In what was a much-anticipated vote held in the middle of June 2019, workers at the Tennessee Volkswagen plant voted against unionizing. The efforts of the United Auto Workers’ (UAW) to unionize a manufacturing plant of a foreign company in Tennessee failed narrowly in the vote, according to a report from Reuters.
The vote not to unionize was very narrow, with a count of 833 to 776 against the formation of a union at the plant. This is the second time in the previous five years that employees at the Volkswagen plant have voted down the opportunity to unionize.
A representative for the UAW said that the union hasn’t determined whether or not it will challenge the results of the vote or call for a third vote of the employees at the plant. The representative also made claims that Volkswagen engaged in intimidation tactics, threats, and played games with the employees, noting that the union will not abandon the employees who were in favor of unionizing.
The UAW has been working to unionize a foreign-run plant in the Southern portion of the United States for quite some time now. Why? The UAW claims that automakers have been taking advantage of the low wages paid at plants in the South. The UAW was hoping the vote would be a successful one in order to gain leverage when negotiating contracts with all automakers operating in the country.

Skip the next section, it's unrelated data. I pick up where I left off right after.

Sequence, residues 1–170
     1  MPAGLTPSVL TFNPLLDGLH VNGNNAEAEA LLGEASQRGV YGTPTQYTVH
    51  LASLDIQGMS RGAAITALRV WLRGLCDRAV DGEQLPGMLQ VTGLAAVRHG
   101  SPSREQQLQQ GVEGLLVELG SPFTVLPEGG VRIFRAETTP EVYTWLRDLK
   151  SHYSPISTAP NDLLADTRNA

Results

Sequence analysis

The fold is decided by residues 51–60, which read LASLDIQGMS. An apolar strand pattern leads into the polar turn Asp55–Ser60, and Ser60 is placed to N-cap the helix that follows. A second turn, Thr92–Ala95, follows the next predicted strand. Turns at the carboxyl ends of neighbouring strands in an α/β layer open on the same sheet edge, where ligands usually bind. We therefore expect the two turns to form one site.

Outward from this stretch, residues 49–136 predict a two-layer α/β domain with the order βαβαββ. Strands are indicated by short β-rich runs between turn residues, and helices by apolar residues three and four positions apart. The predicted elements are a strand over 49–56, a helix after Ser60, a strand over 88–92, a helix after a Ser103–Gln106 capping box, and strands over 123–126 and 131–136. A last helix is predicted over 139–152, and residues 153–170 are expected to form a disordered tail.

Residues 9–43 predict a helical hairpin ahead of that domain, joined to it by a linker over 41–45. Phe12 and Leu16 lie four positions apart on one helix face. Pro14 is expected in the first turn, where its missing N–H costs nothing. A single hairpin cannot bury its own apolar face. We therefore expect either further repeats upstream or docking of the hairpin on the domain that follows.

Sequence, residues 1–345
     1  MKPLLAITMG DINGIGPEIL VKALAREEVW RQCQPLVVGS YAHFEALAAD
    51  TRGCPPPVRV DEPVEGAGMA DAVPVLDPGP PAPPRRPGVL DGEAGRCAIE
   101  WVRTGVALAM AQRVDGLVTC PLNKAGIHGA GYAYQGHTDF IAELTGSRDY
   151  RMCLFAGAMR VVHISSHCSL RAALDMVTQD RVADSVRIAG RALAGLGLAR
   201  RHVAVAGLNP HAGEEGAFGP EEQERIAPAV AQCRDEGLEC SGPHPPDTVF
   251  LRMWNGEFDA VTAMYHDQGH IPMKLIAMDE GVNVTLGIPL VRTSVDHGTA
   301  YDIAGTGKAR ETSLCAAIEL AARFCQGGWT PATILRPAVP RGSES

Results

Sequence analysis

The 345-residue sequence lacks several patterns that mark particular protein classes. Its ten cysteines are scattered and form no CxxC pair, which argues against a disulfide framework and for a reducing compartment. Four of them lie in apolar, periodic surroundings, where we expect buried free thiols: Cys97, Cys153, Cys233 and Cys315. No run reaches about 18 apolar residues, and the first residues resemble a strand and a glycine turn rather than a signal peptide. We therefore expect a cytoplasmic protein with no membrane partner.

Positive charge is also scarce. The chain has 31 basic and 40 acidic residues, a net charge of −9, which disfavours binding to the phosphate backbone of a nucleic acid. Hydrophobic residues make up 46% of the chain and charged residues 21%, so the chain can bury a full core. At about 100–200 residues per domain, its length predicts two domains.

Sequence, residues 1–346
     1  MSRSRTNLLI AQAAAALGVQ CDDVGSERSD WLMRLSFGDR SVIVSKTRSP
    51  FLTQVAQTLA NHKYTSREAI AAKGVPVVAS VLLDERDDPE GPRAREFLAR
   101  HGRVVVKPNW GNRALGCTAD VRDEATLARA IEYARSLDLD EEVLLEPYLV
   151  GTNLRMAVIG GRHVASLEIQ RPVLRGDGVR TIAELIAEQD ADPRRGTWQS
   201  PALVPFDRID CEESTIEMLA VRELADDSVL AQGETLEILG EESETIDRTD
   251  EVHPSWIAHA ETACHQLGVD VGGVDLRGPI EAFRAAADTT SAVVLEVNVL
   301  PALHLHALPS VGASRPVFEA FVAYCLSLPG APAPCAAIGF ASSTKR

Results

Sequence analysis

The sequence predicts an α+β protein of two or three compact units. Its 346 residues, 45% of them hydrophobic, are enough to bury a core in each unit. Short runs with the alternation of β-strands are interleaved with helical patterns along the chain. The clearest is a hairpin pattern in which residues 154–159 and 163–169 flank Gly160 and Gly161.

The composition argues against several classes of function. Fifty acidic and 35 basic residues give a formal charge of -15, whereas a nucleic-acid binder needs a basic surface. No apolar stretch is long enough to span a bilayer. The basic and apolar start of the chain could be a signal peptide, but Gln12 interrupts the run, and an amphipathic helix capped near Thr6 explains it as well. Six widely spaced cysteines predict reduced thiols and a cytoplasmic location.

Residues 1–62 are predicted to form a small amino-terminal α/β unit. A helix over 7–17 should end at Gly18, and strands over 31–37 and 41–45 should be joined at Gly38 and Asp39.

The president of Volkswagen Chattanooga, Frank Fischer, said the following in a statement after the vote: “Our employees have spoken. Pending certification of the results… Volkswagen will respect the decision of the majority.”
This is actually a bigger deal than you might think. The country has seen a marked decrease in the number of unions, and many states – including Tennessee – have instituted “right to work” laws that limit the powers of existing unions, and make it difficult for new ones to take hold. The one thing that right to work laws cannot do, however, is allow employers to disregard labor laws or collective bargaining agreements, or engage in retaliation efforts against union employees.
Do you have a grievance to file with your union? If so, it’s in your best interest to utilize your union rep as well as an experienced Tennessee labor law attorney from the Gilbert Firm. Call us at 888-996-9731 or complete a contact form to schedule an appointment in Nashville, Chattanooga, Memphis, Jackson, or Knoxville.